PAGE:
Not being able to accurately describe the huge wave you just rode is certainly a problem, and that was especially the case for Hawaii’s notoriously big waves in the 1940s and 1950s. Not that the locals really cared about the exact measurement of the waves they were riding, but the Californians who started frequenting Hawaiian shores back then needed a tangible number to brag about and spite each other once they returned home.
Thankfully, there were two Californians who wanted to resolve the issue once and for all: Walter and Phillip “Flippy” Hoffman. They were brothers, so you can imagine the sort of rivalry they had between themselves. One wouldn’t let the other brag too much about the height of the wave he just rode.
After a session, Walter would suggest a measurement of the wave he just conquered, and Phillip would just cut the estimate in half, claiming that waves should be measured from their back and not from the open wave face. In more certain terms, it meant that the waves consisted of only a crest, and the trough was simply insignificant.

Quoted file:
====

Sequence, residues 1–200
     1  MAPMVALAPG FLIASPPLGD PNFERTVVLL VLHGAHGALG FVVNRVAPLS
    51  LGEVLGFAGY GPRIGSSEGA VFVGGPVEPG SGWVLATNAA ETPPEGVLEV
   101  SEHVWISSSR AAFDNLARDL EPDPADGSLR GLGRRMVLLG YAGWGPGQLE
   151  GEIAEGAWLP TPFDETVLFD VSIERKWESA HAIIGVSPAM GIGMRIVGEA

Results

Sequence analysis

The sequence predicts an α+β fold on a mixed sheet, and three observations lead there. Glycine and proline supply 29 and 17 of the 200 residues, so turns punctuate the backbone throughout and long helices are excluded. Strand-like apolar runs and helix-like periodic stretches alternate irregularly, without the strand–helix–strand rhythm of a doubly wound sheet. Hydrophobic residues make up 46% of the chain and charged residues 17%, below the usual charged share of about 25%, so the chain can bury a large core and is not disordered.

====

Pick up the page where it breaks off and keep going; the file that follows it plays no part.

Yes, that’s how the measurement method known as the Hawaiian Scale was conceived. Nowadays, it’s not taken seriously anymore because, first, it’s not really a sensible method for measuring waves, and second, it may downgrade the scale of lots of big waves, including those gargantuan ones you see in big wave spots like Nazaré, by half.
Although it wasn't a sound way to measure waves, the Hawaiian scale is at least able to provide a scientific number regardless: that of the wave amplitude.
The Bascom Method
Willard Newell Bascom was a legendary Californian oceanographer, engineer, and adventurer (also an imaginative person since he was a renowned treasure hunter).
Although he had controversial thoughts like “Human waste is good for fish in the long term because it might feed them,” his contributions to treasure-hunting and surfing are undeniable. After all, he’s the guy who first thought of using neoprene in the making of wetsuits.